Cult horror-film goddess Barbara Crampton (Re-Animator, From Beyond) gets the modern-day bloody vampire film she deserves in Jakob’s Wife, an appropriately uncomfortable, gory and often-funny effort from writer-director Travis Stevens.
Crampton plays Anne, the wife of preacher Jakob (Larry Fessenden). Anne’s life is a bit on the mundane side—that is, until she gets attacked by a vampire in an abandoned warehouse and gets “the thirst.”
The movie has an eerie, slow-burn start; it feels like an old-school, TV movie from the 1970s, even though the film is set in the present. It takes its time revving up, but when it pulls the rip cord, it goes off the rails in a surprisingly fun way. The movie then feels less like Salem’s Lot and more like the bonkers Stuart Gordon ’80s horror flicks that Crampton once was in.
This might be Crampton’s best screen work yet; Anne is a fully realized character that goes from church mouse to full-blown Nosferatu. Fessenden, another horror vet (We Are Still Here, You’re Next) chews the scenery with aplomb once his character has been sprayed with vast gushers of blood a couple of times.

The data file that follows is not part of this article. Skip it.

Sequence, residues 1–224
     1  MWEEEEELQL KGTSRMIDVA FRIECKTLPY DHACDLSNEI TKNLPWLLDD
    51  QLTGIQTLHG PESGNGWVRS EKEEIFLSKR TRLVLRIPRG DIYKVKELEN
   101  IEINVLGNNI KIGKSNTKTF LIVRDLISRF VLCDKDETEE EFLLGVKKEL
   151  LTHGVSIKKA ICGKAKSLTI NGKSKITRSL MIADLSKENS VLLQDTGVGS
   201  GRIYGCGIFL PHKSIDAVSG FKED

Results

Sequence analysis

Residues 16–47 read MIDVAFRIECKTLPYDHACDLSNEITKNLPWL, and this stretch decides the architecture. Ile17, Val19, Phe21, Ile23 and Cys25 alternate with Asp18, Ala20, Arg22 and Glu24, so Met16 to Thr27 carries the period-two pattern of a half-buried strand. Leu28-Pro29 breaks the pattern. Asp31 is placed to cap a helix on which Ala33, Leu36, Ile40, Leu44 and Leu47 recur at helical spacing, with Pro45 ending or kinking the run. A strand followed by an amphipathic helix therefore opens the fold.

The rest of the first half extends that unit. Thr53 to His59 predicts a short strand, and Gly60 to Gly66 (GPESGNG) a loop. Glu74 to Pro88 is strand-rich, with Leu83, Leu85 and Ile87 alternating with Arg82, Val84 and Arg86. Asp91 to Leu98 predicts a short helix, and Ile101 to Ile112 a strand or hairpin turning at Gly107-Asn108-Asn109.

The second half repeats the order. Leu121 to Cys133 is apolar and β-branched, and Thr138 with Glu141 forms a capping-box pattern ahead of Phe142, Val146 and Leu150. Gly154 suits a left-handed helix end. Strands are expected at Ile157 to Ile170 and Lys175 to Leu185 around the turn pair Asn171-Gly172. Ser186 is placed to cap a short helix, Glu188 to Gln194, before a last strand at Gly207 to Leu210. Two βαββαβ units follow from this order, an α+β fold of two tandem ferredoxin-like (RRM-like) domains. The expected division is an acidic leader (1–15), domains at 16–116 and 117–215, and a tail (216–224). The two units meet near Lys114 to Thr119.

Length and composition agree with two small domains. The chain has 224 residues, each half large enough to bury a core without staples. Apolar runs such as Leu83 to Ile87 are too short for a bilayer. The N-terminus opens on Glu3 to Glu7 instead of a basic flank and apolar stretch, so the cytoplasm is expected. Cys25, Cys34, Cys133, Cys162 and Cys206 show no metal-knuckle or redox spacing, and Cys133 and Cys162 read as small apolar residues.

The movie works, not only because of its creepy atmospherics and decent horror effects—the main vampire is a doozy—but because of its satirical script that takes a stab at routine marriages that lack a certain excitement. Anne and Jakob wind up being one of the more interesting screen couples in recent memory.
Jakob’s Wife is available for rental via various streaming sources.